Squeaky Wheel Redux
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Even after years the results of poor workmanship continue to float to the surface. A sudden loss of brakes on the right led me to take off the right rear wheel, expecting to find that the worn old linkage had finally slipped out. To my consternation, if not horror, it was oil. Again. There are two seals, one to keep the oil in the rear end and one to keep the grease in the bearing and the dirt out. For the oil to get to the brakes it has to get by both. We've been down this road before. The brakes were drenched in oil when Old Stoney got here. His first trip to the dealer, to get a new rear main oil seal, clutch and all new bearings in his water-filled transmission, he also got new seals and brakes. Ten years later the seals were starting to seep again, but by then I thought I could replace them myself. After all, I have a service manual.
When I encountered the axle bearing retaining nut I realized I was out of my depth. It's a two and three-quarter inch nylon insert self-locking nut, tightened to 230-250 ft/lbs. It's down inside the hub far enough that it can't be reached with a box-end or open end wrench and it's on the axle so a socket can't slide down to it. I offered to let the dealer do that part for me, and they said they could get to it in a week or two. I took them to the machine shop behind my favorite auto parts store and they said, "Sure. Pick 'm up day  after tomorrow."
When I got them home and saw that they had used a cold chisel and a punch to remove and put back the the nuts I said........well, one of the things I said was,"I could have done that."
So when, a few months later, it turned out that they had also failed to pack the bearing on the left (see Hip Replacement) I did.
Getting back to this time - I resolved to do better. I went to the dealer to get seals. They were out of one, had to order it, take a few days. They weren't really interested in lending out the special tool that the manual requires
torquetool.jpg (80013 bytes)
While I waited I finished tearing it down.Once I had the axle out I closed up the hole to keep the wrens from building a nest in there while I was away. They're quick. I also hung the shims on the end so I wouldn't forget to put them back.
don't forget shims.JPG (124332 bytes)
I went ahead and used the punch method to remove the nut. I figured if it was too messed up to reuse they'd have one in stock. As it turns out I was able to clean it up well enough with the Dremel.
cleaned  up nut1.JPG (122471 bytes)
That went as well as could be hoped, and I was able to get the two seals out without much trouble, and I thought to take the bearing out and repack it, as the oil had washed all the grease away. Here's more trouble.
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Scratches and gouges from the metal chunks the jacklegs had cut off the nut. And -
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It just is visible in the photo, but it's easy to feel. I thought it to be spalling, maybe a side effect of the debris damage, but when I showed it to Leon, the maintenance manager at work, he immediately said,"False Brinelling."  It's caused by vibration in a stationary bearing, for instance in the rear axle of a back hoe that spends a lot of time running without rolling, and can be aggravated by insufficient preload, for instance by trying to get 250 ft/lbs with a punch.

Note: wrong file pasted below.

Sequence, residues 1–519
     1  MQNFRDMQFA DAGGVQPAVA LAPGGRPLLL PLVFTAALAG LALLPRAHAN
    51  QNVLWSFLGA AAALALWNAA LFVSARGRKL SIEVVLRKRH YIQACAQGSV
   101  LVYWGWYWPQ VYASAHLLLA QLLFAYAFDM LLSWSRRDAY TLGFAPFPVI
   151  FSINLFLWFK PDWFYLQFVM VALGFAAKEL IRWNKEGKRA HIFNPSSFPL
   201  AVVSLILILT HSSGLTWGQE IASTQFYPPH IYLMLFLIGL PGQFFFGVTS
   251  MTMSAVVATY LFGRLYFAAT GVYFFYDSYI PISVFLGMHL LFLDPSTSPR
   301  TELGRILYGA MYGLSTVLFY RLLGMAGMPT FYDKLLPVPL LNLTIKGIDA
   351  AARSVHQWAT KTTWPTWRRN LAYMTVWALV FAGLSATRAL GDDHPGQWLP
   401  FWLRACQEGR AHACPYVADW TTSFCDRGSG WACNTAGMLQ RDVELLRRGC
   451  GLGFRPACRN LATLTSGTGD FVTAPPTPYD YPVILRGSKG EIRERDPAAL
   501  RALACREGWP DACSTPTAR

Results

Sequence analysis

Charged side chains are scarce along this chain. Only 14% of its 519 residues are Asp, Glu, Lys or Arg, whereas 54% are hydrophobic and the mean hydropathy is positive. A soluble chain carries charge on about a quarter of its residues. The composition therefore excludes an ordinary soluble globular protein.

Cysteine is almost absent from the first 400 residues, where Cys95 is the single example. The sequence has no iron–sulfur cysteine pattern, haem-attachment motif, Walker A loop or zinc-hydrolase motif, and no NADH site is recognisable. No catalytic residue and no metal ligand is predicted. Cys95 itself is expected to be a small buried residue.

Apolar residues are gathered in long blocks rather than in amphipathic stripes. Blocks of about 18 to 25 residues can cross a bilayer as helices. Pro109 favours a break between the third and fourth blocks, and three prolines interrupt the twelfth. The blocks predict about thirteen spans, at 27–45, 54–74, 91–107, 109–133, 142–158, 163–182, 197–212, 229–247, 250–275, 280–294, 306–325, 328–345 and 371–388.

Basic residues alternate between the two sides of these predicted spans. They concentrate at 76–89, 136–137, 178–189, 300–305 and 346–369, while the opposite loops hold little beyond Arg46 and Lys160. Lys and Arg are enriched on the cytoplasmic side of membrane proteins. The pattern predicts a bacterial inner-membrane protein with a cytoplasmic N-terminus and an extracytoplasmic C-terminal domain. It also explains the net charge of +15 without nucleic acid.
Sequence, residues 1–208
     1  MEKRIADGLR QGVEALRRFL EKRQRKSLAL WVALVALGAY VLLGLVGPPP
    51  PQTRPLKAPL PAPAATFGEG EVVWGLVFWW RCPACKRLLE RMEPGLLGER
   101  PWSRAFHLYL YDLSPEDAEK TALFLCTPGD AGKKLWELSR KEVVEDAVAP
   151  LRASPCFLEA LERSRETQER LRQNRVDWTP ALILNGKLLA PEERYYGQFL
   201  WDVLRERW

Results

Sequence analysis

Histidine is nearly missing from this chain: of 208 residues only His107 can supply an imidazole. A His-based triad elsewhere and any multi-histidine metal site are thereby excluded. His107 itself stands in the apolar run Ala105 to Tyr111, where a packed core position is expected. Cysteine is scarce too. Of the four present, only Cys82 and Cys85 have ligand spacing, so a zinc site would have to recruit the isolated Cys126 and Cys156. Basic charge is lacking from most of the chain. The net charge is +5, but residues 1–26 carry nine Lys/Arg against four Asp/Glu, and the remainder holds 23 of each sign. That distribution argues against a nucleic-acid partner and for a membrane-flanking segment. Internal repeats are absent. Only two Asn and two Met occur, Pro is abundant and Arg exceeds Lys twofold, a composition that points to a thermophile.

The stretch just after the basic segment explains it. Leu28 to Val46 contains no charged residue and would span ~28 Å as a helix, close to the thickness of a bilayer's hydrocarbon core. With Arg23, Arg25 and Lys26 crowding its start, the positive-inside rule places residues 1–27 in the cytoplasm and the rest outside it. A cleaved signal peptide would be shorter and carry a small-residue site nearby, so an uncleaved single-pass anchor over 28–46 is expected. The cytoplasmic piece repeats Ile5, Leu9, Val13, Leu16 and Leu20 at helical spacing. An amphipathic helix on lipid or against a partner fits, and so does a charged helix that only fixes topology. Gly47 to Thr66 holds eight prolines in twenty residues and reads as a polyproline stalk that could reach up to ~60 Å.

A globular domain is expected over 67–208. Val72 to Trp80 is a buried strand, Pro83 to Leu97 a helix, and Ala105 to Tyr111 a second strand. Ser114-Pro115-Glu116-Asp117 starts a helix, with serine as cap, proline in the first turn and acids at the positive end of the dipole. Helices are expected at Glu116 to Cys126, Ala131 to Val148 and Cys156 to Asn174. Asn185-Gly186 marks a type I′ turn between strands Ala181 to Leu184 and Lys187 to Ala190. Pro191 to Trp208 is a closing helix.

On the way to pick up the seals I stopped at Bearing Distributors and got a new one. I also had stopped by a couple of other places looking for ideas on the tool. The counter guy at the bearing place suggested the NAPA out Bluff Road, where all the big truck dealers and repair places are. They had one of these in my size, shown here after I started modifications.
socket1.JPG (125173 bytes)
Home with all my parts and equipments, I set about tool fabrication. First, set up the welding shop.
welding shop.JPG (134468 bytes)
Then add a handle to the socket
wrench 2.JPG (137542 bytes)
and let it cool. This is why we're called "shade tree mechanics."
shade tree tool.JPG (130459 bytes)
Then all that remains is, as the manual has it, reassemble in reverse order. The counter guy at the dealer said it took two men to apply the proper torque, one to turn the wrench and a big one to hold the hub. The book shows a substantial vise. Having neither, of course I did it the easy way.
hold this 2.JPG (122888 bytes)
Put a few lug nuts on it and let the wheel hold it. And when it was time to be sure it was tight enough, let gravity help.
torque2.JPG (126005 bytes)
Lotsa chocks and blocks. I've since had it pointed out that for my arithmetic to work out the wrench handle should have been at three o'clock. For now I'm going to rest assured that the hard tug I added ("for good measure" means something) put it closer to spec than it's been in many years. And modify my tool with a torque wrench attaching point (see manual image above) for next time.
To do the calculation for the increase in torque with the longer handle I went to Norbar's website and used their calculator applet. www.norbar.com
But their drawing makes it easy to do the math in your head. Really.
torque conversion.jpg (28181 bytes)
It makes even more sense (to me, anyway) if you read it as "M2 is the desired torque..."
So, if my torque wrench is 16" from the head to the center of the handle and I weld a large nut to the extension centered 48" from the center of the socket (makes the "Extended Length" 64 inches) and I want 250 ft/lbs actual torque on the bearing retainer, I should set the torque wrench for 62.5 ft/lbs. Check me out on that.